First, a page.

New Delhi: If 40% of India’s electricity comes from renewables by 2030 (from 7.5% in February 2018), the country could add about 3 million new jobs, according to a report by the International Labour Organization (ILO), an arm of the United Nations.

This will “more than offset” the 259,000 jobs that could be lost--8.6% of the new 3 million jobs--by the scaling down of carbon-intensive and resource-intensive industries, said the report that analysed how climate-change mitigation could affect jobs in India and globally.

The Indian renewable energy sector--it accounted for about 20% of installed capacity by May 2018 and 7.5% of total electricity generation in February 2018--employed 432,000 people in 2017, an increase of 16% over 2016, IndiaSpend reported on July 5, 2018.

Renewables will have most new jobs

“The net increase of approximately 2.8 million jobs will be the result of the adoption of sustainable practices, including changes in the energy mix, the projected growth in the use of electric vehicles, and increases in energy efficiency in existing and future buildings,” the report said.

The overall net jobs benefit in India comes with sectoral differences. All the sectors in the economy, except the mining industry, will see more employment by 2030. Renewables will see 1.5 million new jobs, followed by 466,200 jobs in the construction sector and 285,200 in the services industry, the report said.

The Bharatiya Janata Party-led government has committed to the Paris Climate Agreement 2015 to install 175 GW of renewable power capacity by 2022. This is enough to power 100 million bulbs (of 100 watt each) for an hour.

India has installed 69 GW of cumulative renewable power capacity as of May 2018. The country will now have to add nearly 1.92 GW every month--what it has every three months since May 2014--to meet its target of 175 GW by the end of December 2022, we reported in July.

“The findings of our report underline that jobs rely heavily on a healthy environment and the services that it provides,” Deborah Greenfield, ILO deputy director-general, said.

The “green economy” can enable millions to overcome poverty, and deliver improved livelihoods for the present and future generations, she said.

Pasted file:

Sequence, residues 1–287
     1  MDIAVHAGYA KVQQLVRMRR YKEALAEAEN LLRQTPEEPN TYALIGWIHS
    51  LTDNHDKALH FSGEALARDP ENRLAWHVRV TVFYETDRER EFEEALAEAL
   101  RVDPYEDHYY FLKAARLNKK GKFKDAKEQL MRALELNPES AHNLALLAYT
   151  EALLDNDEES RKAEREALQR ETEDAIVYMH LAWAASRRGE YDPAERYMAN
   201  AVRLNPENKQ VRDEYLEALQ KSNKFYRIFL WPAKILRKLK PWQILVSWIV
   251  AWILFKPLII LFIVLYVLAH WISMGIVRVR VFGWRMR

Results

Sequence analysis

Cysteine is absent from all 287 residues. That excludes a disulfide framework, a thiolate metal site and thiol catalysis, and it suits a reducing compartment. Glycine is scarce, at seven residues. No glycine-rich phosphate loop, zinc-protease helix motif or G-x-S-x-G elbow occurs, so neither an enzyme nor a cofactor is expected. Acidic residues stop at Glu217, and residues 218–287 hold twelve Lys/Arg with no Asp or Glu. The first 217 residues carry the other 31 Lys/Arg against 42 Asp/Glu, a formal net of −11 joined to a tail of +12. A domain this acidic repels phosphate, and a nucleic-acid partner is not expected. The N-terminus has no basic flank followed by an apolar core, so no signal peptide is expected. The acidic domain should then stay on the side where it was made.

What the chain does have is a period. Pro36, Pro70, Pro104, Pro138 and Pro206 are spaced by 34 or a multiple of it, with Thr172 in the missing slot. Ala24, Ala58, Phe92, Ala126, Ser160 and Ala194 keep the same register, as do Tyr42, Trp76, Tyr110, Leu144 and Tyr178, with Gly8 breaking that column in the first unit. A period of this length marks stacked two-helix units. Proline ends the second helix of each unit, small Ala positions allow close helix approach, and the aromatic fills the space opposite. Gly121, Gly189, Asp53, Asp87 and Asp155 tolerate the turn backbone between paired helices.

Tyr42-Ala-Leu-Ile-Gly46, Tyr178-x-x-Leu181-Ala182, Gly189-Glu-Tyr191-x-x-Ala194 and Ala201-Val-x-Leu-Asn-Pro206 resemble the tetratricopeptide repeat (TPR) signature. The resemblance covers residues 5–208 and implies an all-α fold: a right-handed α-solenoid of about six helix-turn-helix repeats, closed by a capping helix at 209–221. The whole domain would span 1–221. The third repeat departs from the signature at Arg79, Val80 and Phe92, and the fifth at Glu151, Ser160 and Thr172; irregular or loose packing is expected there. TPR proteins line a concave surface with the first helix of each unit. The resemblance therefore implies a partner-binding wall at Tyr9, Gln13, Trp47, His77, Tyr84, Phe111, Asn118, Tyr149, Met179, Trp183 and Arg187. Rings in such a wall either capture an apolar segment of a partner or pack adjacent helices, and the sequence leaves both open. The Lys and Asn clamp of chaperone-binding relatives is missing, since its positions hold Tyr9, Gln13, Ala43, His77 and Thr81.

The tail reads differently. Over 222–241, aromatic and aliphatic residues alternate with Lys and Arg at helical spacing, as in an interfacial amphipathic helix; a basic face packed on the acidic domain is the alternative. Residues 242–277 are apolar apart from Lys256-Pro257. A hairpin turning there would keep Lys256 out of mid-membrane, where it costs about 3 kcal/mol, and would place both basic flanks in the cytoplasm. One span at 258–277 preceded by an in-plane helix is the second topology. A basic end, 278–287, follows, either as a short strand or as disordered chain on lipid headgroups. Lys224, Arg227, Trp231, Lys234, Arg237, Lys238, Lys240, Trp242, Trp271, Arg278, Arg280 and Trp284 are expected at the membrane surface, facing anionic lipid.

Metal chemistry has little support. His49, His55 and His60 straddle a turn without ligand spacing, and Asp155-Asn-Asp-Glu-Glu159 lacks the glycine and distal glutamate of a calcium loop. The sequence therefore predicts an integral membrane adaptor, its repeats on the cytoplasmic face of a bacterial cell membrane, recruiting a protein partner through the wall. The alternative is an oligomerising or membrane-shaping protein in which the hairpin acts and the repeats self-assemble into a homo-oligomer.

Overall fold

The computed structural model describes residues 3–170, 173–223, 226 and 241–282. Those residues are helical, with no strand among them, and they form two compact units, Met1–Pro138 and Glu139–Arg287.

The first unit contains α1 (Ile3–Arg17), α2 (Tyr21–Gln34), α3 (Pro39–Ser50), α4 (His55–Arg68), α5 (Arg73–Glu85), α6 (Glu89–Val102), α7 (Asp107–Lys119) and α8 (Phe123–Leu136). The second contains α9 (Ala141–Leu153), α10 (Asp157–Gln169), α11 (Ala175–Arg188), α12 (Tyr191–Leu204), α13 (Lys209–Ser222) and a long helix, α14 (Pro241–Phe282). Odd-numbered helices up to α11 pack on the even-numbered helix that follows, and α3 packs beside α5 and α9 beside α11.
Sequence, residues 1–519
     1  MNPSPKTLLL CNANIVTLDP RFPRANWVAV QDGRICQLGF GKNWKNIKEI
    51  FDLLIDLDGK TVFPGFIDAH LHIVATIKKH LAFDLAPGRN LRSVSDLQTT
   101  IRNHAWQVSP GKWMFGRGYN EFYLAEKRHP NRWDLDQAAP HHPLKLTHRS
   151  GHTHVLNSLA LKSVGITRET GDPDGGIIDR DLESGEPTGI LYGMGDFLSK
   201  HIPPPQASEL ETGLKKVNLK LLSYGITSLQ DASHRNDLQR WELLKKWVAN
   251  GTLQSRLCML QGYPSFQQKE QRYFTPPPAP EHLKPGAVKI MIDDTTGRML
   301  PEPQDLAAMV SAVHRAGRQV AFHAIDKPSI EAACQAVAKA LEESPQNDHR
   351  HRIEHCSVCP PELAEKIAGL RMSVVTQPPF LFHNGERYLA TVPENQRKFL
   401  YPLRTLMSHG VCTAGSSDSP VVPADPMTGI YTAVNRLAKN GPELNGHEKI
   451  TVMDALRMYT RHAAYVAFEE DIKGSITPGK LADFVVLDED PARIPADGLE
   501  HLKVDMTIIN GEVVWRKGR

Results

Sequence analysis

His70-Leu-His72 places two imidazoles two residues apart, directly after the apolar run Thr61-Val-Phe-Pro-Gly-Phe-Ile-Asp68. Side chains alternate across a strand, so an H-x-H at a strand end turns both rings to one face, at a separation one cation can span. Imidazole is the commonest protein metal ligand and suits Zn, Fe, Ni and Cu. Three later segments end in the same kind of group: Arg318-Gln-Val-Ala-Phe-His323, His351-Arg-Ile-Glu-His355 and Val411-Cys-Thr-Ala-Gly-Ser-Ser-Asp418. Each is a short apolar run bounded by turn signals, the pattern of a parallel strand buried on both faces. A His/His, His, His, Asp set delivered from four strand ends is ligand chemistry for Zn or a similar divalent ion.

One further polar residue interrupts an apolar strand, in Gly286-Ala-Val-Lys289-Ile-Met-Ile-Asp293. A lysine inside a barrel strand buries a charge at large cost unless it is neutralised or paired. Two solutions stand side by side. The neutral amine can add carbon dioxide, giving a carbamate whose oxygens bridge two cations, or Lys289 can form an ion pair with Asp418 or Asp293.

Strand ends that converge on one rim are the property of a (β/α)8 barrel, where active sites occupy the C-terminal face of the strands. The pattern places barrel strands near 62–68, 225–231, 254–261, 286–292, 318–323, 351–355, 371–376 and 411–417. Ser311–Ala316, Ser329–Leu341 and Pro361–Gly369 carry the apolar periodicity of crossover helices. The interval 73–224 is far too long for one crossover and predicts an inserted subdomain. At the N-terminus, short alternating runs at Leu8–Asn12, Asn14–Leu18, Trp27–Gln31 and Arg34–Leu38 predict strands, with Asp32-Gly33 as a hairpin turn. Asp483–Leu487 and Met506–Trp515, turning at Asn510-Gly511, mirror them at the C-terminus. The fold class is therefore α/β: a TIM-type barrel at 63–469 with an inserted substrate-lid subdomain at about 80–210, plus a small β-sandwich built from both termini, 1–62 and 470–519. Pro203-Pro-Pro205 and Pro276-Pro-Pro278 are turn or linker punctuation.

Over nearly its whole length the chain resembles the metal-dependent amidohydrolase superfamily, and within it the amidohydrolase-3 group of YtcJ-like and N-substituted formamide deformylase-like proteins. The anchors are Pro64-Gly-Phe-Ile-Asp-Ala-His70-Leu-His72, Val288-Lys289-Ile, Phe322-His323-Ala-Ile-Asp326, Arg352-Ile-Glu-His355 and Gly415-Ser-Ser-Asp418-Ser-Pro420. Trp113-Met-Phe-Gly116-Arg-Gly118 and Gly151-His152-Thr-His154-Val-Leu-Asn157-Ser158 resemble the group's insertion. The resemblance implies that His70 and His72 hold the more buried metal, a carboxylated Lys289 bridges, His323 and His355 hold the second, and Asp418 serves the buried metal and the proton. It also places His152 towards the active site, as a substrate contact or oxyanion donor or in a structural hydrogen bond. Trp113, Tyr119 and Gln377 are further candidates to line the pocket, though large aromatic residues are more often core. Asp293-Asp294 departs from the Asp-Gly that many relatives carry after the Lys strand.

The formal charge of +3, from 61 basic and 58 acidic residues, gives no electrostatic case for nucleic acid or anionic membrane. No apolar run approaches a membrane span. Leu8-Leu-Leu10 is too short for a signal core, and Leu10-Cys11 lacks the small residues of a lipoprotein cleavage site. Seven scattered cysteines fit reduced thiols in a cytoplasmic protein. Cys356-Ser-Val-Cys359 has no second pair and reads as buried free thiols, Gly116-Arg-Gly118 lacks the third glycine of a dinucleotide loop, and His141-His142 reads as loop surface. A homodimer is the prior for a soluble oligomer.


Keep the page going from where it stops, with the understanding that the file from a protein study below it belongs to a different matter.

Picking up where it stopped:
In India, public employment programmes, such as the Mahatma Gandhi National Rural Employment Guarantee Act (MGNREGA), will prove to be important policy tools in reallocating workers, since they combine economic, social and environmental objectives in support of climate-change mitigation, the report said.

Almost 60% of the work hours provided through the MGNREGA programme in 2012 involved water conservation and 12% were related to the provision of irrigation facilities, the report said, quoting the ministry of rural development.

Natural disasters made worse by humans causing job losses

Over 15 years to 2015, natural disasters caused or exacerbated by human activities resulted in an average loss of 5.7 working life-years (part of a person’s life that they spent on a job) per person in India every year, the study noted.

Heat stress would be common in the future, reducing the number of working hours of the workforce, the report said.

Agricultural workers would be the worst affected, accounting for around 64% of hours lost due to heat stress in India in 2030 because their work is physical and a large number are engaged in agriculture in areas most affected by future heat stress.

Estimates, combining a global temperature rise of 1.5°C by the end of the 21st century and labour force trends, suggest that, by 2030, the percentage of total hours of work lost will rise to 5.3%, a productivity loss equivalent to 30.8 million full-time jobs, the report said.

(Tripathi is a principal correspondent with IndiaSpend.)

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